Guiera senegalensis (GS) is a traditional plant distributed widely in
western Africa. In Burkina Faso traditional medicine, this plant is used to
treat some diseases like cough, dysentery, malaria, diabetes and hypertension.
The galls of G. senegalensis are used for the treatment of fowlpox and
have antiseptic, antifungal activities. In addition, recent studies demonstrate
that an aqueous acetone extract from galls of Guiera senegalensis inhibits
in vitro FowlPox Virus growth in secondary CES cells (Lamien
et al., 2005). Further pharmacological activities (antimicrobial
properties for example) of leaves of Guiera senegalensis have also been
shown (Kudi et al., 1999; Fiot
et al., 2006). The antiplasmodial activity of infusion, decoction
and chloroformic extract of stems and leaves of Guiera senegalensis has
been demonstrated on two strains of Plasmodium falciparum (Benoit
et al., 1996; Fiot et al., 2006).
The chloroformic extract of roots and the isolated alkaloids harman and tetrahydroharman
exhibited a significant antimalarial activity associated with a low cytotoxicity
(Ancolio et al., 2002). Aniagu
et al. (2005) demonstrate that the aqueous extract of Guiera senegalensis
protect the gastric mucosa of rats against ethanol-induced acute mucosal
damage with a reduction of the ulcer index; so indicating that Guiera senegalensis
could be an effective gastroprotective agent. The central sedative properties
of Guiera senegalensis have already been demonstrated (Amos
et al., 2001). Various chemical constituents are found in the extracts
from galls of Guiera senegalensis such as tannins, flavonoids, anthocyanidins,
alkaloids and steroids (Lamien et al., 2005).
Recently, a great interest has been given to naturally occurring antioxidants,
which may play important roles in inhibiting both free radicals and oxidative
chain-reactions within tissues and membranes (Nsimba et
al., 2008). Edible plants contain a wide variety of chemicals such as
flavonoids and other phenolic compounds that have potential antioxidant activity
through a number of different mechanisms. The proposed mechanisms for their
action include (1) direct radical scavenging, (2) inhibition of enzymes, such
as NO-synthase, xanthine oxidase, cyclooxygenase and lipoxygenase, (3) iron
chelation and (4) direct inhibition of lipid peroxidation (Xanthopoulou
et al., 2009). Several methods are available to evaluate antioxidant
activities of natural compounds in foods or biological systems. Methods commonly
used in antioxidant activity assays are the DPPH (2, 2-diphenyl-1-picrylhydrazyl),
FRAP (ferric reducing antioxidant power), β-carotene bleaching (BCB) procedures.
The DPPH method is based on the reduction of alcoholic DPPH solutions at 517
nm in the presence of an antioxidant that donate hydrogen or electron (Kulisic
et al., 2006). DPPH takes normally several hours for the reaction
to be completed and colour interference of the DPPH assay with samples that
contain anthocyanins leads to under-estimation of antioxidant activity (Teow
et al., 2007). DPPH method is independent of the substrate polarity.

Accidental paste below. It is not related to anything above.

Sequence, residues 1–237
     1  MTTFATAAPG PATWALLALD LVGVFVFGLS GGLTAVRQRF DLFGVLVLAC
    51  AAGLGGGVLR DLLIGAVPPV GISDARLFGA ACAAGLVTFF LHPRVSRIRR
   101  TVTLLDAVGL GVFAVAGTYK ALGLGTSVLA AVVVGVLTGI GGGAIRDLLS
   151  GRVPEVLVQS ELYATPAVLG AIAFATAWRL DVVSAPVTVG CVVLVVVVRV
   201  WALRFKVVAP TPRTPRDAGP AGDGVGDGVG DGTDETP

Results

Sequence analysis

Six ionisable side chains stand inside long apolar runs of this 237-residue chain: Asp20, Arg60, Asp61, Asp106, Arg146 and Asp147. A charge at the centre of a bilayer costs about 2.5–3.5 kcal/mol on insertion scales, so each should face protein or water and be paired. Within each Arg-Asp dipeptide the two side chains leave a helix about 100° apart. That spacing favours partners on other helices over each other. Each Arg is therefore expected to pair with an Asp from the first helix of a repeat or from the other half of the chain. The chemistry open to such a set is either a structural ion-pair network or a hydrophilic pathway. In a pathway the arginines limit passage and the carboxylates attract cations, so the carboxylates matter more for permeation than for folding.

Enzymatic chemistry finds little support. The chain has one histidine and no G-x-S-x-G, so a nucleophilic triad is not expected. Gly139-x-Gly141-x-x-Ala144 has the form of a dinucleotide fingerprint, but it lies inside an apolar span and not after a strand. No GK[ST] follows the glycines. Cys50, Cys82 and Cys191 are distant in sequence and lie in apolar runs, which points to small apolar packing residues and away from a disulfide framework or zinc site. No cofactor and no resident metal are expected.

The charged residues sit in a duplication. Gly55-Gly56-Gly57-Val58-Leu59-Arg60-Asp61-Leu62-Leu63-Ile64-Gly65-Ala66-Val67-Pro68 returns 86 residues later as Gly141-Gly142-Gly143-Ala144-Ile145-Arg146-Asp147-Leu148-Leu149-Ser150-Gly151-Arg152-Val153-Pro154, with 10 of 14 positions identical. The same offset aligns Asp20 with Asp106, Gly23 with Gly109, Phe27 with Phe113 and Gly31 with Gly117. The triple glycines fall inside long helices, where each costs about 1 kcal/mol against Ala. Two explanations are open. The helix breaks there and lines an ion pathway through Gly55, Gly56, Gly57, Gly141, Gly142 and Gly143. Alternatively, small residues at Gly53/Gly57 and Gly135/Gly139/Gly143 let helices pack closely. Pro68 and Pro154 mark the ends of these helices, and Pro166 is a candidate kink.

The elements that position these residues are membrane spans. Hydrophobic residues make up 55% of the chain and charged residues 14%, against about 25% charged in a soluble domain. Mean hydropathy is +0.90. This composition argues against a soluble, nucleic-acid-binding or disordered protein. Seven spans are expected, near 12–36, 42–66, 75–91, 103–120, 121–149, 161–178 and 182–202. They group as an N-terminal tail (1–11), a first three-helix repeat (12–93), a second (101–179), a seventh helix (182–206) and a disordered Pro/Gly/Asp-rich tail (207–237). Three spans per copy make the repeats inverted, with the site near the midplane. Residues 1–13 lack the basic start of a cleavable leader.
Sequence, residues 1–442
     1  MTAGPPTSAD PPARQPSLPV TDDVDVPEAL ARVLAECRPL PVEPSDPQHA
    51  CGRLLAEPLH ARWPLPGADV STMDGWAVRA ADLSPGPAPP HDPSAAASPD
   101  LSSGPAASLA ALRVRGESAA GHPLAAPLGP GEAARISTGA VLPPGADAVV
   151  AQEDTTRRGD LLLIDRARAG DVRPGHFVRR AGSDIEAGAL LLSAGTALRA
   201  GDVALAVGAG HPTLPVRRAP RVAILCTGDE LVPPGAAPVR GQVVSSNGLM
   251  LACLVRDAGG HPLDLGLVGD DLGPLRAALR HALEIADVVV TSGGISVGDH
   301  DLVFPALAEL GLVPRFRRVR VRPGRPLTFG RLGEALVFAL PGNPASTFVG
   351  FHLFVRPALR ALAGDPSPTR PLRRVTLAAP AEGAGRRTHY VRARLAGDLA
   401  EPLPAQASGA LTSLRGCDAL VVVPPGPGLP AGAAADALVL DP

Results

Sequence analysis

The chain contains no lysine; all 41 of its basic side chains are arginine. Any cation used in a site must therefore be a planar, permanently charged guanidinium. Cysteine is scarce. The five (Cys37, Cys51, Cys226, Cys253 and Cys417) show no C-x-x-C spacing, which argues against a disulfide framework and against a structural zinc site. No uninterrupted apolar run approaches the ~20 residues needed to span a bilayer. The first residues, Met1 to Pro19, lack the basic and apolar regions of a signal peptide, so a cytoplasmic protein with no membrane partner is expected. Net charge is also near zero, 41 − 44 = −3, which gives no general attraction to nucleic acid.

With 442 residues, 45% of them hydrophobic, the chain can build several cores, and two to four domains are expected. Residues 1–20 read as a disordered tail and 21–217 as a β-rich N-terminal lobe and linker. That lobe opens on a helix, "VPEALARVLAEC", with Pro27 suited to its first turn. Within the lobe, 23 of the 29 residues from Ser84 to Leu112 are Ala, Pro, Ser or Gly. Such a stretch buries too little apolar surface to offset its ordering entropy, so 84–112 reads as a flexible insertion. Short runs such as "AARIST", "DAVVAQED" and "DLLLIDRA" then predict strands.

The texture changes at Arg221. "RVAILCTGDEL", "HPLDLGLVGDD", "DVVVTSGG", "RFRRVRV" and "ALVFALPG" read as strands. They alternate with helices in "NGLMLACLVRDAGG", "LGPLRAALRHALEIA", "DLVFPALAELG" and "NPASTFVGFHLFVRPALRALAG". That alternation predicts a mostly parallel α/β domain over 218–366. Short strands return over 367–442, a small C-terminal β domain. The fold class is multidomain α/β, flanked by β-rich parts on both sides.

The BCB method is usually used to evaluate the antioxidant activity of compounds
in emulsions, accompanied with the coupled oxidation of b-carotene and linoleic
acid. Ascorbic acid, is a well known antioxidant polar compound, its antioxidant
activity was not proved by this method. This can be explained by a phenomenon
formulated as the »polar paradox«: non-polar antioxidants exhibit
stronger antioxidative activities in emulsions because they concentrate at the
lipid/ air surface, thus ensuring high protection of the emulsion itself (Kulisic
et al., 2006). FRAP is used in assay to assess the metal (iron exclusively)
ions binding ability (Nsimba et al., 2008).
The reducing power is generally associated with the presence of reductones,
which exerts antioxidant action by breaking the free radical chain by donating
a hydrogen atom (Prasad et al., 2010). Xanthine
Oxidase (XO) catalyzes oxypurines (hypoxanthine and xanthine) to uric acid in
the purine catabolic pathway. Inhibition of XO activities decreases the uric
acid levels and results in an anti-hyperuricemic effect (Zhu
et al., 2004). The XO plays an important role in various ischemic
tissues, vascular injuries, inflammatory diseases, chronic heart failure, is
a major source of free radicals (superoxide), its activity contributes significantly
to the degree of oxidative stress, brain edema, thermal stress, respiratory
syndrome, viral infection and hemorrhagic shock in vivo and it is also
associated with gout (Naoghare et al., 2010).
The products of 5-lipoxygenase including leukotrienes (LTs) constitute an important
class of inflammatory mediators of asthma and various inflammatory diseases,
contribute to vascular changes in inflammation (Li et
The ethnomedicinal uses activities from the galls of GS suggest that the galls might possess antioxidant activities. The aim of the present study was to screen the phytochemical analysis and the antioxidant activities from galls of GS. This was performed by assessing the lipoxygenase (LOX) and the Xanthine Oxidase (XO) activities.
MATERIALS AND METHODS
Plant material: The galls of Guiera senegalensis were collected in kadiogo (province of Burkina Faso) in August 2009 and authenticated by professor Millogo-Rasolodimby, botanist at Ouagadougou University.
Chemical and reagents: Folin-Ciocalteu reagent, aluminium trichloride (AlCl3), 2,2-diphenyl-1-picrylhydrazyl (DPPH), xanthine, gallic acid, quercetin, allopurinol, trichloroacetic acid, tween 40, 2-thiobarbituric acid, Xanthine oxidase (E.C. 18.104.22.168), Urethane were purchased from Sigma-Aldrich Chemie, Steinheim (Germany ). Sodium carbonate, potassium hexacyanoferrate [K3Fe (CN)6 ], ascorbic acid, ferric chloride ( FeCl3), ferrous chloride (FeCl2 ) were from Prolabo, Paris (France). Solvents used were supplied by Fluka Chemie, Buchs (Switzerland). β-Carotene type I, Linoleic acid, (+)-α-tocopherol from vegetable oil type V were from sigma (USA). 15-Lipoxygenase (EC 22.214.171.124) type I-B (Soybean) was purchased from Sigma (St. Louis, MO). All other reagents were of analytical and HPLC grades.